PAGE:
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The Independent Culture
In a sober, grey-flannelled start to Glasgow's 1995 Mayfest, Scotland's 7:84 company offered Born Guilty, an adaptation of Peter Sichrovsky's books Born Guilty, Strangers in Their Own Land and Incurably German. Sichrovsky's work offers a complex, personal insight into the legacy of the Second World War. Taking full advantage of an unusually long rehearsal / development period, director Iain Reekie and Berlin dramaturg Rainer Lau have managed to edit the mass of Sichrovsky's texts into a tightly organised piece of theatre.

The cast of six double up as some dozen characters, whose revealing, often confessional interviews are spliced together like good televisual social history, TV monitors cueing each section with headings: "Happy", "Holocaust" or "What did you know about the war?".

Reekie and Lau dramatise Born Guilty in several ways. The characters confess and reminisce to each other, not to the audience, so that a sustained argument gradually emerges from their various points of view. Snatches of traditional German songs and dance punctuate the talk, providing movement. And the conceptual dressing is the retelling of the Oedipus legend, rhetorically asking whether Germany can escape from the chains of tragic destiny that threaten to bind it.

Born Guilty pegs out its dialectical groundsheet with stock characters like the reactionary banker's blonde wife (Alexa Kesselaar) who clings to traditional ideas of German womanhood, and the self-hating gay son (Michael Perceval-Maxwell) of a Nazi murderer, who spent his childhood in South America. In between, there emerge some fascinating, touching and acutely ironical revelations. Paul Blair is a disarmingly confident Jewish German policeman, Ann Kidd a delicate picture of tortured respectability as she wonders whether she's inherited her parents' icy hearts.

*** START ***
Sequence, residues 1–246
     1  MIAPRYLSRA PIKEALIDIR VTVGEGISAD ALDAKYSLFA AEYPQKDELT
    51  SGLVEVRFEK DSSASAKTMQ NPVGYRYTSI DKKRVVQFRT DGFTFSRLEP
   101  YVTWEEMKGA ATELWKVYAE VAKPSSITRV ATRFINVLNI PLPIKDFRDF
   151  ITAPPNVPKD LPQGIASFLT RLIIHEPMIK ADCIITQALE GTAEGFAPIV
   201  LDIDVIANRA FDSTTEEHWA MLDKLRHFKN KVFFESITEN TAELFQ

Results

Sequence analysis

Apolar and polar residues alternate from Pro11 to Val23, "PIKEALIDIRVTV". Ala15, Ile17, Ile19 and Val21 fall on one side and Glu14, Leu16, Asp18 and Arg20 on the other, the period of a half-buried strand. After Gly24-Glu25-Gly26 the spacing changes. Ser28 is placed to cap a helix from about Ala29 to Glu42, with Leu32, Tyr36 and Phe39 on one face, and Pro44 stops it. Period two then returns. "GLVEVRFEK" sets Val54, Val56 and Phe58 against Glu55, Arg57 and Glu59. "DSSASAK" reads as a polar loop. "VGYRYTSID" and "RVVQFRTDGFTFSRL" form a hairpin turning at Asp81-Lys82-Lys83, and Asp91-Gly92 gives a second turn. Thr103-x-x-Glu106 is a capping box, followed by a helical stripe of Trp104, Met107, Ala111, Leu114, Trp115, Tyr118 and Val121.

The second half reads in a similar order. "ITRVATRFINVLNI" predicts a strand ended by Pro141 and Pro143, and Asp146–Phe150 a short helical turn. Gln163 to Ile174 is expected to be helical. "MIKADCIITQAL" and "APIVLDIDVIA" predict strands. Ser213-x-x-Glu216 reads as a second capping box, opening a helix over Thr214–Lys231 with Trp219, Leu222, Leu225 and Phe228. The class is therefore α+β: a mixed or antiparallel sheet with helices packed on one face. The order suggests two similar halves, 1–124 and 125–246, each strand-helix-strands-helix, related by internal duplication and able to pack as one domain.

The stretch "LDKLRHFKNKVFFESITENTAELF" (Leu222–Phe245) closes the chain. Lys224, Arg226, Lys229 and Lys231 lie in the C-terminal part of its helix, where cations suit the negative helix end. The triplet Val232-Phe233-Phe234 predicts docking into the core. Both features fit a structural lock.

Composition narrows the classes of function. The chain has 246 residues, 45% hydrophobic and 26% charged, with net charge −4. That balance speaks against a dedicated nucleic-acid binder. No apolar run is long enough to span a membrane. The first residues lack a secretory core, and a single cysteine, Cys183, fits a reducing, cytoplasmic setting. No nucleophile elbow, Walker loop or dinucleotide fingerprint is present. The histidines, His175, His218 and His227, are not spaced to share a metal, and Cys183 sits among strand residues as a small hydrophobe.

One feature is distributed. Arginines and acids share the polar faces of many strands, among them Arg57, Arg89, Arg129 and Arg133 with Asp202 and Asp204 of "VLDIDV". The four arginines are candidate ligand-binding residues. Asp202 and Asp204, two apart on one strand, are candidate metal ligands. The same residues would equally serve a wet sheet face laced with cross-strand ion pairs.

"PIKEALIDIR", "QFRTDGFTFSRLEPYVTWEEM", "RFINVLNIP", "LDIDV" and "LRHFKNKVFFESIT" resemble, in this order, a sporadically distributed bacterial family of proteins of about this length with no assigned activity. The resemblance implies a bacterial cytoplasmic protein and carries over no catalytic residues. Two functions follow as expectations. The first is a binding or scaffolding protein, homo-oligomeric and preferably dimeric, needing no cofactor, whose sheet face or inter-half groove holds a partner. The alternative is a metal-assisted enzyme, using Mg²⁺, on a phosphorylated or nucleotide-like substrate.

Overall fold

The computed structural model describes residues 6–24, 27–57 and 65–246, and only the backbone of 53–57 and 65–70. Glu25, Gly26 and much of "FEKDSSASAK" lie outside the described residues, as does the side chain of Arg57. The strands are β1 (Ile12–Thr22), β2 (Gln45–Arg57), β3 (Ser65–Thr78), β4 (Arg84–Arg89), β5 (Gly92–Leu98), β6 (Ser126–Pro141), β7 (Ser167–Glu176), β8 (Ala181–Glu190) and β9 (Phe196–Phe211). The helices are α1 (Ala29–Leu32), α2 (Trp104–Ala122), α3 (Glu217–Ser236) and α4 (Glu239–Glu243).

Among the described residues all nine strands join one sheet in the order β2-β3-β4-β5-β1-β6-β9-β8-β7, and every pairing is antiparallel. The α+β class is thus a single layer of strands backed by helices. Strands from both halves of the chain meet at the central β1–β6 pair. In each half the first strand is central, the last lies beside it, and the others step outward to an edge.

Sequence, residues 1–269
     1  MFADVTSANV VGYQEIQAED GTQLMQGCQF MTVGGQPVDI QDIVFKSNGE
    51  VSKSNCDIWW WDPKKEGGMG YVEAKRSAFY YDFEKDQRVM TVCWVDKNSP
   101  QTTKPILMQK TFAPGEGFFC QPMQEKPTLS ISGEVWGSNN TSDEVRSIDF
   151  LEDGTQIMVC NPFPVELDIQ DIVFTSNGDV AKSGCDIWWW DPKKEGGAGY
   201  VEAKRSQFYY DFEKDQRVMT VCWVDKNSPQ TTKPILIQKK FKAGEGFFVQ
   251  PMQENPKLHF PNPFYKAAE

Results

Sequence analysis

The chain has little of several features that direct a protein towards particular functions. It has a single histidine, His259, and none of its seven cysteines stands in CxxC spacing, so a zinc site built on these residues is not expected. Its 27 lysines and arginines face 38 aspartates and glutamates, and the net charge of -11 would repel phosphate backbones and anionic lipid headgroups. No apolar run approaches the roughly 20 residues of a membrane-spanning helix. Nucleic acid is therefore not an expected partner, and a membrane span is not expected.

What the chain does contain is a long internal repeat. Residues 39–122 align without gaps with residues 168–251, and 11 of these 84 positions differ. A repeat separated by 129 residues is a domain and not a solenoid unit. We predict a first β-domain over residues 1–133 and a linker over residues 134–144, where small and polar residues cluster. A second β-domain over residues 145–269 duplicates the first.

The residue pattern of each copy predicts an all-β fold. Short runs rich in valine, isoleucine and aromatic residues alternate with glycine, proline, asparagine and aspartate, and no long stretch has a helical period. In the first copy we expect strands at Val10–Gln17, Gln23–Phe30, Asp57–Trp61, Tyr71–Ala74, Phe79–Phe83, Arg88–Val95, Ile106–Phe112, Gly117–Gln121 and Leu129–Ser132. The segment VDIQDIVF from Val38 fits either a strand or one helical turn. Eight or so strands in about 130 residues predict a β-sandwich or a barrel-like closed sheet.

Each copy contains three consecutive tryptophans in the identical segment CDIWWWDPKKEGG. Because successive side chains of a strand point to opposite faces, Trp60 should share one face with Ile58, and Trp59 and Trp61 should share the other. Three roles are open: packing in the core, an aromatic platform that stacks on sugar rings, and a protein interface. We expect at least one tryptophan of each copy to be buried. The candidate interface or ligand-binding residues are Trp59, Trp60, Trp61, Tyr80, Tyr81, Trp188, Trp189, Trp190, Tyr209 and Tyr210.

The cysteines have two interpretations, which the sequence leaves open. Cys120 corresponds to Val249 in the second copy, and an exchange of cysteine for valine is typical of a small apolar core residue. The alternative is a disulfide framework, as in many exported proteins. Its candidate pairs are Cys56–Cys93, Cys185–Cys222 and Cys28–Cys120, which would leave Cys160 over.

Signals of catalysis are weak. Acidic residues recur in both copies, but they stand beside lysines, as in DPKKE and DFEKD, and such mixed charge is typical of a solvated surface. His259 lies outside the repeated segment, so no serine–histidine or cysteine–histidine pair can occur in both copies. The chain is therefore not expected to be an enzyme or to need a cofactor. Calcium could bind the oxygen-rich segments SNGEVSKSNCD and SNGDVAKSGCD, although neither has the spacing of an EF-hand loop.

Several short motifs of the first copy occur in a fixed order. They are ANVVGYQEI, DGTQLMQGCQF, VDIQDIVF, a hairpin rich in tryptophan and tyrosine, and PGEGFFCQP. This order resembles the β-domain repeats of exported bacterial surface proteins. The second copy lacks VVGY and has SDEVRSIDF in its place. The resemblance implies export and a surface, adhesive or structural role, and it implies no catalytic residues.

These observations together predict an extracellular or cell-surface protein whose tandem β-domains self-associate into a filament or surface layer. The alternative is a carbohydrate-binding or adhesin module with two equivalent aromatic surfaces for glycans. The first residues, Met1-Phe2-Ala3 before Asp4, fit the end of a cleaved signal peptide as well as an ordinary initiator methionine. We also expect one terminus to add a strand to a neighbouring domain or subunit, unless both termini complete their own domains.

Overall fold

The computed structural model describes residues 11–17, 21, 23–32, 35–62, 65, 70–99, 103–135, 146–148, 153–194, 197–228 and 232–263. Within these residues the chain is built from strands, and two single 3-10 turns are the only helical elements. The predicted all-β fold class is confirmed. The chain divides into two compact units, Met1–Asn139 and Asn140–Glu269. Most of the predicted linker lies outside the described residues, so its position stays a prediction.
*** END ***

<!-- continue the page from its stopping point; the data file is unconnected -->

With only two hours at its disposal, Born Guilty cannot offer a comprehensive picture of modern Germany - the legacy of 1945 for the former East Germany is never explored, for example - but the insights it offers are timely, rare and very precious.

Mike Cullen's new play, The Collection, also features guilt very strongly, in this case the guilt triggered in a debt collector by the suicide of one of his clients. You can almost smell the sweat off the nylon shirts of the three collectors in Cullen's fictional office, spartanly designed by Nick Sargent. It's a predictably hard-ass world and Cullen writes sharp, snappy dialogue to match, which only occasionally crosses the line into clich.

Frank Gallagher is very convincing as the conscience- stricken Bob Lawson, finding more chilling menace in the shadows of his lost persona than in the more ostentatious threats of his manager, Joe (Michael Nardone). Although there's a surprising twist to the motivation of Pauline Knowles's debtor Elena, she's a less rounded character, given less room to manoeuvre in a plot that's ultimately too tight for its own good. The narrative threads ravelled up in the final scenes deny The Collection the resonance it craves.

On the Citizens' main stage, Wildcat launches its contribution to the campaign for the Perth and Kinross by-election with Bedfellows by David Anderson and David MacLennan, a political farce set in a Perthshire hotel owned by Essex incomer Rita Basildon (Lesley Robertson).

The Tories, New Labour and the SNP all get a good going over in the best Wildcat tradition. The plot involves an aspiring, cross-dressing Labour candidate, Tony Bland (Alan McHugh), a randy old dandy Tory, Sir Christopher Vainwean (Dave Anderson), a lost son and some Semtex in a briefcase. There's even a Swedish maid.

It takes a while for the farce to acquire momentum and the sauciness is overdone, but the combined talents of the cast win over in the end, with Michael MacKenzie stealing the show as the whisky-sodden Anglo-phobic Hector McEnvie. They'll love it in Perth (not).

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Richard Loup-Nolan